Anyone who can use this term with a straight face does nothing more than show their complete ignorance of Christianity, or of the highly political nature of its claims and commands.

With a stupid term like this, an attempt to separate "Christianists" from the "true Christians" essentially says that we can believe anything we want so long as we don't follow those beliefs to their logical end. That we shouldn't let our beliefs inform our politics, for example; that would be bad. Never mind that by not conforming our political views to the Christian standard we're being disobedient. I'm sure God will understand.

You're ignorant of the nature of Christianity, and so is any Christian who is gullible enough to actually believe this "real Christianity is apolitical" crap. Note I say Christian, as I don't feel the need to give them a derogatory label or say they can't be "true Christians" just because they are wrong on this matter. Horribly, harmfully wrong, but not heretical. Just ignorant.

Can the religious left be called christianist too?

"Can the religious left be called christianist too?"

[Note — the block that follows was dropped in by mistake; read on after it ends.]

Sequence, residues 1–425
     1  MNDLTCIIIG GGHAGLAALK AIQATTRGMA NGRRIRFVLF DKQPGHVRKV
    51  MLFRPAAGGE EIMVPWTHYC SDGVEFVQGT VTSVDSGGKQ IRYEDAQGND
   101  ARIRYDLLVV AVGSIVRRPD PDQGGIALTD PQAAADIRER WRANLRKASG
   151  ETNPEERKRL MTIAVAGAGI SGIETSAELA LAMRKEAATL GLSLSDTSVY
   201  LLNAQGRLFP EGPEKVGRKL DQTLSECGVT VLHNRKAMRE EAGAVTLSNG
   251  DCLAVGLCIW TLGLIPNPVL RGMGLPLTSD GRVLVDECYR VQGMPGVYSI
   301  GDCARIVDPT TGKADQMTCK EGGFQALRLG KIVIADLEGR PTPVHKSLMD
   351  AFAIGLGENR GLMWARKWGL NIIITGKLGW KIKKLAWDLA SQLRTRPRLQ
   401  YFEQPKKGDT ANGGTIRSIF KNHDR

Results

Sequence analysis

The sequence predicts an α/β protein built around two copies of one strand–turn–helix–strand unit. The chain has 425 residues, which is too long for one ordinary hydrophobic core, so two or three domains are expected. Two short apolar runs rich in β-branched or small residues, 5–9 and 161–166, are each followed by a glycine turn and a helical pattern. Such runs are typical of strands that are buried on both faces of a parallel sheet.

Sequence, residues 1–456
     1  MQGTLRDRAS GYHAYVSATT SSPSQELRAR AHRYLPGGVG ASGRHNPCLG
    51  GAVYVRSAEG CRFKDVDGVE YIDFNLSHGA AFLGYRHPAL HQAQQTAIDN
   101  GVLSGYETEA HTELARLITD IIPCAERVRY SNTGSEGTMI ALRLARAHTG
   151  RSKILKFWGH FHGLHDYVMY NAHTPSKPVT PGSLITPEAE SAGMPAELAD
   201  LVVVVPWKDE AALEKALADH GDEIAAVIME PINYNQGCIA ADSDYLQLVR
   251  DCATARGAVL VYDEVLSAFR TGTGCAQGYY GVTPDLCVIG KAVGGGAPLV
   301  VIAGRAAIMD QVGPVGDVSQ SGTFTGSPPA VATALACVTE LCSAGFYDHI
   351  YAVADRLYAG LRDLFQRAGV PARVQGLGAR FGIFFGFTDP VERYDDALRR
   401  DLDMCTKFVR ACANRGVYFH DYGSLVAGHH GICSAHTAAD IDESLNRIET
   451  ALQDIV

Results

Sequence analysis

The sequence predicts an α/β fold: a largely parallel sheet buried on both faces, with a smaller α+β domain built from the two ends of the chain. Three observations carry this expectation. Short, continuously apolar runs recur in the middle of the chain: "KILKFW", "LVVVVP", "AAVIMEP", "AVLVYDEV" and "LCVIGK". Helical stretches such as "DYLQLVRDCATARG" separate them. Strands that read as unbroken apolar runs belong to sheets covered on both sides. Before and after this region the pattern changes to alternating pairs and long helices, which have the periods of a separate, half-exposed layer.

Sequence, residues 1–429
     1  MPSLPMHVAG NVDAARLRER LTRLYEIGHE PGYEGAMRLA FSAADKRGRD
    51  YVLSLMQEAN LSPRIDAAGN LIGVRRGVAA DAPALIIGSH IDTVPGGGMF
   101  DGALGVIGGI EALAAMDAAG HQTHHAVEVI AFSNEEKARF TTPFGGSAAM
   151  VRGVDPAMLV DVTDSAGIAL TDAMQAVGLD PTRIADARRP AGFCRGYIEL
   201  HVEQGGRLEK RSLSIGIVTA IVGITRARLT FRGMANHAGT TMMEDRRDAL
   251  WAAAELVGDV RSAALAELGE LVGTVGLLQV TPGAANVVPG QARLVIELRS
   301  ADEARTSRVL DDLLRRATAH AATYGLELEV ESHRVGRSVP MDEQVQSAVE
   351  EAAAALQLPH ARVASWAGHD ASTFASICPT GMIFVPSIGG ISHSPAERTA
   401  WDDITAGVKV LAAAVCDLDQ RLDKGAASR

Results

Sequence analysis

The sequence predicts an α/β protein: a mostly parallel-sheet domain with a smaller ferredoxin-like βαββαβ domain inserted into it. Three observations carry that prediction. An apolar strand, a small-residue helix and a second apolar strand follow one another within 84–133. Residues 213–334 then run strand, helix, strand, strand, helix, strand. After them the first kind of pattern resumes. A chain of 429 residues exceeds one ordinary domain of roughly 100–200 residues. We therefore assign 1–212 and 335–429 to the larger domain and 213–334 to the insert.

No, we call them self-refuting.

Hi Derek and Doug, were the Framers wrong to include Article VI in our constitution?

'Christianist' as shown by the quote given by Karen A., is used here as a derogatory term. And by his use of it, Sullivan shows his apparent ignorance of both Christianity and Islam.

***
He says:
'Muslims are those who follow Islam. Islamists are those who want to wield Islam as a political force and conflate state and mosque.'

I don't know what he thinks Christianity actually is, but as for Islam, that's exactly what it is and does. Islam is a political and legal force in all the countries where it is the dominant religion. No other religions are even legal in such places. The penalty for conversion is punishment and even death. And it's not an empty threat. It is carried out.

Now, you show me anything comparable regarding Christianity in this day and age - anywhere in the world.